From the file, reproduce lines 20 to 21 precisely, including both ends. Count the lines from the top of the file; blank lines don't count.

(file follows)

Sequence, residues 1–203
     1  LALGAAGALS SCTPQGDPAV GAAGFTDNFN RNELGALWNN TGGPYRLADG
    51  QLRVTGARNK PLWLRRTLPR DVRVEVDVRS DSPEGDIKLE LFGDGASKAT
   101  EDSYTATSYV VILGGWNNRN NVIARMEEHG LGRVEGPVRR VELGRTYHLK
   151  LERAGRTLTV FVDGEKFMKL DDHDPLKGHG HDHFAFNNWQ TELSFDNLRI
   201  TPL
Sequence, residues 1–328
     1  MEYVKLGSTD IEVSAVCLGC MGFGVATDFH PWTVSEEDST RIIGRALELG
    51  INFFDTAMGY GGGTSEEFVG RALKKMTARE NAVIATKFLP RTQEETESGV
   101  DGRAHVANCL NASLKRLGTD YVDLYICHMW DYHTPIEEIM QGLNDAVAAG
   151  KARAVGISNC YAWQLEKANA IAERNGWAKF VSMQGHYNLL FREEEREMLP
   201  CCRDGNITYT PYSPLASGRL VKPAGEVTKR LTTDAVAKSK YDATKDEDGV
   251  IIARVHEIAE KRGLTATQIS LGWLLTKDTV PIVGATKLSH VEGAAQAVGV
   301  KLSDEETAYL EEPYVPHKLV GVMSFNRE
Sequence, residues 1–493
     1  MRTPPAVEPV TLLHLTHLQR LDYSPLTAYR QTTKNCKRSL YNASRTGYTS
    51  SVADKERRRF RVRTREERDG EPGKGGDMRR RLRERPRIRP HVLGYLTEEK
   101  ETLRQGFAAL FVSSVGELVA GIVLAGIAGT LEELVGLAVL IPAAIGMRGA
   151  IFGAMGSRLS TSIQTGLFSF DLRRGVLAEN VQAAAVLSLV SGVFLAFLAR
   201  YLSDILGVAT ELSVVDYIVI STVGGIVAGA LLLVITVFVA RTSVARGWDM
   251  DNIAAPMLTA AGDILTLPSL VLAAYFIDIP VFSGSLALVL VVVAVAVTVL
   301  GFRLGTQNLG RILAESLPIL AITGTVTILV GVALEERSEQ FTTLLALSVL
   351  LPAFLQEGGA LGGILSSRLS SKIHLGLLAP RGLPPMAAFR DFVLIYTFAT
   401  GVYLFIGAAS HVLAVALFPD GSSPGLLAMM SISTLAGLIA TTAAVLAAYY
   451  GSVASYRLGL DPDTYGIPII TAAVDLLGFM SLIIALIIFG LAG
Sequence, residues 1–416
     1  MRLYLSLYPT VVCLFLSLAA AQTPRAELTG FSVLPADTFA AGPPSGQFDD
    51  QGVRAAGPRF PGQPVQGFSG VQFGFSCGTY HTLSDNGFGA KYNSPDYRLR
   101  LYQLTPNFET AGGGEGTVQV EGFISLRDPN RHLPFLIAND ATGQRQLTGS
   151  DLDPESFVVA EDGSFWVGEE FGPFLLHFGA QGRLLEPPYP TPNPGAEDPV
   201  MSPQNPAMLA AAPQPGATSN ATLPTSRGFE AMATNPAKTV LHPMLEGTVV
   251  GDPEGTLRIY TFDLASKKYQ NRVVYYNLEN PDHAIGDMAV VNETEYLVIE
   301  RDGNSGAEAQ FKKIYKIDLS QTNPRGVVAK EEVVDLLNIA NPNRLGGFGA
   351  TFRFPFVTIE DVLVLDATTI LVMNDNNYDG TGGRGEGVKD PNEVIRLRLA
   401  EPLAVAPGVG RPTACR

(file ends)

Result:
   201  YLSDILGVAT ELSVVDYIVI STVGGIVAGA LLLVITVFVA RTSVARGWDM
   251  DNIAAPMLTA AGDILTLPSL VLAAYFIDIP VFSGSLALVL VVVAVAVTVL